In my line of work, I get asked to listen to countless product pitches and watch oodles of demonstrations. It can be informative and sometimes even mildly interesting, but I seldom find myself saying "I've got to see more of this stuff, and use it myself." A rare exception to this general trend hit me over the head earlier this week when I finally got together with members of the Spanish-based company Panda (a name many readers will recognize thanks to their long-standing and highly regarded anti-malware product offerings) to walk through the company's Adaptive Defense product instead.
It's not how big the "Big Data" is that counts: it's what gets done with it!
There's a branch of security technology endowed with the acronym SIEM (pronounced "seam," like the seam of your pants). This stands for "security information and event management," and watching Panda's Adaptive Defense product at work was essentially a tour-de-force illustration of what SIEM is, and what it can really do for those who know how to put it to work properly and effectively. A short recitation of the things I saw during this demo -- all of which depend on grabbing lots of event data, and making visual and technical sense of same -- may help you to appreciate what this product can do, and perhaps even generate some excitement of your very own:
1. A relationship graph that can base itself upon location, application, host type, and so forth that shows users activity and reports on suspected malware or software misbehavior.
2. When suspect or known malware is detected, the software can show you what processes it calls, what IP addresses it seeks to access, what files it writes.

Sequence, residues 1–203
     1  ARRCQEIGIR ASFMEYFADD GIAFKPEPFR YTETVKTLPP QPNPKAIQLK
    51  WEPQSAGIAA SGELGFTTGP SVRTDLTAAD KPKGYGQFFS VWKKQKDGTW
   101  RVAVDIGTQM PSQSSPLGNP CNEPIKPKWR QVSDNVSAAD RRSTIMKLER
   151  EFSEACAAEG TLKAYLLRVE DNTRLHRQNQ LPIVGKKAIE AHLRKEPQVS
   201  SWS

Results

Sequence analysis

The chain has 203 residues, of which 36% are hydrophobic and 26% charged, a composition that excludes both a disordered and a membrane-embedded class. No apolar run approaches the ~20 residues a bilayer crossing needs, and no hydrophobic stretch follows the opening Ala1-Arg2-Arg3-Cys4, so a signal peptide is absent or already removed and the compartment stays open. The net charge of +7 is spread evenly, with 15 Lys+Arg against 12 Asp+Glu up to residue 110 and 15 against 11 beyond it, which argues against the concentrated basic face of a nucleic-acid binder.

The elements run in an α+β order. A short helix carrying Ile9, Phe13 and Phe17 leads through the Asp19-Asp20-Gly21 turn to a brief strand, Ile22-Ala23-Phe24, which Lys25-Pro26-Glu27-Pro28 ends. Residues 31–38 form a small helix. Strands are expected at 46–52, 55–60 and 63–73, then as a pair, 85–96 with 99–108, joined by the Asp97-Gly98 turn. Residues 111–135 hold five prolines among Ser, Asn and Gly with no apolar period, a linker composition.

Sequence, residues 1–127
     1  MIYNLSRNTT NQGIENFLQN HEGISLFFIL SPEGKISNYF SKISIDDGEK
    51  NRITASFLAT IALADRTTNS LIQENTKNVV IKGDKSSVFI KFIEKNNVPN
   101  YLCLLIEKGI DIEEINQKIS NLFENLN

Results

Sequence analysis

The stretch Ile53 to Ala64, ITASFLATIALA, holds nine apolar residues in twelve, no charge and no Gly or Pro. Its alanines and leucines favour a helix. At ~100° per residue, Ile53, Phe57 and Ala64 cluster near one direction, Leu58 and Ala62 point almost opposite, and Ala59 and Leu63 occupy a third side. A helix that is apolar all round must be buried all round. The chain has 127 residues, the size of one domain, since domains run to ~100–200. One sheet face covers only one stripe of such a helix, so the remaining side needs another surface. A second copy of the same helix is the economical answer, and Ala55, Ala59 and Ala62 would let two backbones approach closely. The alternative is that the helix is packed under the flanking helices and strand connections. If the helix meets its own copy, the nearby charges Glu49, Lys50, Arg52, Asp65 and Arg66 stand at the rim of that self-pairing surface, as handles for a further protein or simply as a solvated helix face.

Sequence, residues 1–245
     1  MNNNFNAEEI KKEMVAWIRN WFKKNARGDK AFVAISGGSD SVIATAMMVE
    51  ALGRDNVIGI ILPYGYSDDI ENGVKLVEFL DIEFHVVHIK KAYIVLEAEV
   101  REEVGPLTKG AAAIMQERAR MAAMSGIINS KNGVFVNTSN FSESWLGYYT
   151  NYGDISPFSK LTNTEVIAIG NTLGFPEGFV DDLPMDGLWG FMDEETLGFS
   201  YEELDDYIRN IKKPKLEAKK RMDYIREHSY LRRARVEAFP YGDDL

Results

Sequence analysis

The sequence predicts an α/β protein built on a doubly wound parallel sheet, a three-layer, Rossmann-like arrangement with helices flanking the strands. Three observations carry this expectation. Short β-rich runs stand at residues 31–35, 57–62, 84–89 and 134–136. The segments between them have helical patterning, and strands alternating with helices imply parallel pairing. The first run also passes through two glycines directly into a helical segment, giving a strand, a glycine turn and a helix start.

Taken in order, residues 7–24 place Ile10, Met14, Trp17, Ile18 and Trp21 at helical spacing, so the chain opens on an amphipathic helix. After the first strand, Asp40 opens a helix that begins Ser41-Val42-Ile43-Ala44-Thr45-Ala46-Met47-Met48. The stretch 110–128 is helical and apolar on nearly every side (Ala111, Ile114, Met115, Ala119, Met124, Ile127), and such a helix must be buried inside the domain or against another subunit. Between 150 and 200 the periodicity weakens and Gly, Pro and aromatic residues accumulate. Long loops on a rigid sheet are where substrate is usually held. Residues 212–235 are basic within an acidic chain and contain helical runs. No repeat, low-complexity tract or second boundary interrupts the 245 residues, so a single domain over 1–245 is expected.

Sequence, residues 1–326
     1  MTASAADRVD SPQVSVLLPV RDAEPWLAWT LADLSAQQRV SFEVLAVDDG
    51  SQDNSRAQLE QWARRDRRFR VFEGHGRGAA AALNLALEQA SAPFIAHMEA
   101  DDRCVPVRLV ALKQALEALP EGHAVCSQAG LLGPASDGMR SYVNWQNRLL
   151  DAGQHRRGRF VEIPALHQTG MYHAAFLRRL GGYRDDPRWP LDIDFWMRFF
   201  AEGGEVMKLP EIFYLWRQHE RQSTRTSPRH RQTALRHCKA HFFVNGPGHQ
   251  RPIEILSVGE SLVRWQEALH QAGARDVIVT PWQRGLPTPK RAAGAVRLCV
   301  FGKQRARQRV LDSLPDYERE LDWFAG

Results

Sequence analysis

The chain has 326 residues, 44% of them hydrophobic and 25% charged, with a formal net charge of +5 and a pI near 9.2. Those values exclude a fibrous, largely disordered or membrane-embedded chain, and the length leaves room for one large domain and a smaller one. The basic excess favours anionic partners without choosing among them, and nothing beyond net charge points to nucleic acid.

3. If any kind of infection -- God forbid! -- gets underway, the software can trace and reconstruct its infection vectors, and track proliferation over time.
4. Should suspected malware appear at any time, Panda professionals can work with customers to proactively block "phone home" behavior from suspect programs, preventing them from leaking information outside company boundaries or firewalls.
5. The same technology that tracks what malware does can do ditto for any and all applications, to track what's in use on corporate networks and systems (and what's licensed and legal, or not).
All of this information is collected and managed in a huge Big Data collection, ready to be analyzed, sliced, and diced in all kinds of interesting ways. As soon as I can get some of the way-cool graphs and diagrams that Panda uses to display this kind of information I will, and you'll see an even more riveting and convincing illustration of this technology very hard at work.
This really helps me to "get" what SIEM is about, and gives me a strong inkling as to how and why Big Data is already changing how IT is practiced and managed. All I can say is "We ain't seen nothing yet." Stay tuned! And if you're looking for something good to do for yourself, IT career-wise, in the months and years ahead, I recommend you put some "Big Data" on it, whatever it may be...